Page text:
But the organic outcry had a real impact. The followup reporting has been clear and sharp about the historical resonances. Reporters breathed new life into the story even before Democratic leaders had taken the requisite step of expressing outrage. Semafor reports that the Trump campaign is privately worried about the political toll of landing in a rogues gallery with Hitler and Mussolini.
Biden finally weighed in Wednesday night, though he broke his silence at a fundraiser in California, where cameras were not rolling. “It echoes language you heard in Nazi Germany in the ‘30s,” he warned. “Folks, we can’t fail. We can’t fail to treat the threat that he poses. I mean, we can’t.”
Cameras or no, the angst in Biden’s comments pulses off the transcript. But the question now—as days turn into weeks, and fresh stories vie for our attention—is whether this will be a passing kerfuffle, or one Republicans, as long as they support Trump, can never live down.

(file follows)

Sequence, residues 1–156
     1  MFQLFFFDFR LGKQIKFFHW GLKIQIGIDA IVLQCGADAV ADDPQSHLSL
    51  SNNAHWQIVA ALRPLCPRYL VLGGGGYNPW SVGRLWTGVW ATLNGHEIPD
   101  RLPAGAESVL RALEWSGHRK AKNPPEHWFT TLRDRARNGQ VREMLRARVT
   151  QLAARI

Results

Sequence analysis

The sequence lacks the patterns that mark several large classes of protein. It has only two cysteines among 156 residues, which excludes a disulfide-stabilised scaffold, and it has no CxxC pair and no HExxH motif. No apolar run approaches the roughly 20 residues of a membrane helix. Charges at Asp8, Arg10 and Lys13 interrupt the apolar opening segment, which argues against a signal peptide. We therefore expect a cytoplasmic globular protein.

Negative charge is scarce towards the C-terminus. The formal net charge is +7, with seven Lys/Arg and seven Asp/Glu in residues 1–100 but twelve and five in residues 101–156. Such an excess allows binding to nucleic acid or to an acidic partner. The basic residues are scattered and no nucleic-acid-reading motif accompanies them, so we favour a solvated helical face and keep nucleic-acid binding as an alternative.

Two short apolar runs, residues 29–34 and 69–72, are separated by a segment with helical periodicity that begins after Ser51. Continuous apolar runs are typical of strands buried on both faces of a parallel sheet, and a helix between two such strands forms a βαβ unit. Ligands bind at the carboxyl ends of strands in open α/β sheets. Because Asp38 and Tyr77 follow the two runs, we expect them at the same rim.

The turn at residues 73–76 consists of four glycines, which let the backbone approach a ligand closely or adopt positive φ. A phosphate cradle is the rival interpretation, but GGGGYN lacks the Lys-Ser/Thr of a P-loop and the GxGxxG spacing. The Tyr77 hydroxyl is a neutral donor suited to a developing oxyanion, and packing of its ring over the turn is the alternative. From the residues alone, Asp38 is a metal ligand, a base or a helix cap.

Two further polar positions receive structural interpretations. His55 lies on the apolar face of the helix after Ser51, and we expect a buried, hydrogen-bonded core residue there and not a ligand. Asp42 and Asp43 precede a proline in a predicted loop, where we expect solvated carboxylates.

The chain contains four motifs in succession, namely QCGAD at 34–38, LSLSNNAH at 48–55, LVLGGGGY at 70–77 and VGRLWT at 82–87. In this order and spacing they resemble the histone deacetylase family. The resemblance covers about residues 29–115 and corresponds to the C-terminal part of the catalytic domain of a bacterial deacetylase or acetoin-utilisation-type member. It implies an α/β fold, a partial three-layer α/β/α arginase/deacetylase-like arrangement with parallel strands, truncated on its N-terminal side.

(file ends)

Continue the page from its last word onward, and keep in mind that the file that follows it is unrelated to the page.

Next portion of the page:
Margaret Sullivan/The Guardian:
The public doesn’t understand the risks of a Trump victory. That’s the media’s fault
t’s now clearer than ever that Trump, if elected, will use the federal government to go after his political rivals and critics, even deploying the military toward that end. His allies are hatching plans to invoke the Insurrection Act on day one.
The US then “would resemble a banana republic”, a University of Virginia law professor told the Washington Post when it revealed these schemes. Almost as troubling, two New York Times stories outlined Trump’s autocratic plans to put loyal lawyers in key posts and limit the independence of federal agencies.
The press generally is not doing an adequate job of communicating those realities.
David Rothkopf/The Daily Beast: